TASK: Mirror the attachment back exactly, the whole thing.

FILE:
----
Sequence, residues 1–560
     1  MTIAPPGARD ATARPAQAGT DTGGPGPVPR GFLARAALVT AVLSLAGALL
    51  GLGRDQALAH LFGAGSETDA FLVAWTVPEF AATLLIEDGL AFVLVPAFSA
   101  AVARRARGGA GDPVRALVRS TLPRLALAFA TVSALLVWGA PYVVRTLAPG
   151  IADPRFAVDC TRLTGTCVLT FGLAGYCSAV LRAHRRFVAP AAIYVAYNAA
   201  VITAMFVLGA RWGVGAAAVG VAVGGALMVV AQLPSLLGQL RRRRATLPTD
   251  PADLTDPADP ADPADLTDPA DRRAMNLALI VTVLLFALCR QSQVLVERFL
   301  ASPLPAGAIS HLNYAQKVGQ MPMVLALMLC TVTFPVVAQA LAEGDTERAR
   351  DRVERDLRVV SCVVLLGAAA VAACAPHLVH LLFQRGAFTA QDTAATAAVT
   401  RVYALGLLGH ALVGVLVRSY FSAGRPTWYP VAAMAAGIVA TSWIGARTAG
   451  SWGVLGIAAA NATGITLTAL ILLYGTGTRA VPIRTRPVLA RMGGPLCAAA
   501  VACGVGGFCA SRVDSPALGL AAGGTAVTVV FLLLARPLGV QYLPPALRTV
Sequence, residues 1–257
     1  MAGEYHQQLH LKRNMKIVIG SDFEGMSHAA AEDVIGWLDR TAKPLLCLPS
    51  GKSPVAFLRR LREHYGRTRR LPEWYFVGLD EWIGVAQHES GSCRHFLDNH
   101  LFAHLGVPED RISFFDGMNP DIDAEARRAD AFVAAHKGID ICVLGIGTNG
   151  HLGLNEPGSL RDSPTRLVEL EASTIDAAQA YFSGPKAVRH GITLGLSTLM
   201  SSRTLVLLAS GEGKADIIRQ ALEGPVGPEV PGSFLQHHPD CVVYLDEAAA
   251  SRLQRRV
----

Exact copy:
Sequence, residues 1–560
     1  MTIAPPGARD ATARPAQAGT DTGGPGPVPR GFLARAALVT AVLSLAGALL
    51  GLGRDQALAH LFGAGSETDA FLVAWTVPEF AATLLIEDGL AFVLVPAFSA
   101  AVARRARGGA GDPVRALVRS TLPRLALAFA TVSALLVWGA PYVVRTLAPG
   151  IADPRFAVDC TRLTGTCVLT FGLAGYCSAV LRAHRRFVAP AAIYVAYNAA
   201  VITAMFVLGA RWGVGAAAVG VAVGGALMVV AQLPSLLGQL RRRRATLPTD
   251  PADLTDPADP ADPADLTDPA DRRAMNLALI VTVLLFALCR QSQVLVERFL
   301  ASPLPAGAIS HLNYAQKVGQ MPMVLALMLC TVTFPVVAQA LAEGDTERAR
   351  DRVERDLRVV SCVVLLGAAA VAACAPHLVH LLFQRGAFTA QDTAATAAVT
   401  RVYALGLLGH ALVGVLVRSY FSAGRPTWYP VAAMAAGIVA TSWIGARTAG
   451  SWGVLGIAAA NATGITLTAL ILLYGTGTRA VPIRTRPVLA RMGGPLCAAA
   501  VACGVGGFCA SRVDSPALGL AAGGTAVTVV FLLLARPLGV QYLPPALRTV
Sequence, residues 1–257
     1  MAGEYHQQLH LKRNMKIVIG SDFEGMSHAA AEDVIGWLDR TAKPLLCLPS
    51  GKSPVAFLRR LREHYGRTRR LPEWYFVGLD EWIGVAQHES GSCRHFLDNH
   101  LFAHLGVPED RISFFDGMNP DIDAEARRAD AFVAAHKGID ICVLGIGTNG
   151  HLGLNEPGSL RDSPTRLVEL EASTIDAAQA YFSGPKAVRH GITLGLSTLM
   201  SSRTLVLLAS GEGKADIIRQ ALEGPVGPEV PGSFLQHHPD CVVYLDEAAA
   251  SRLQRRV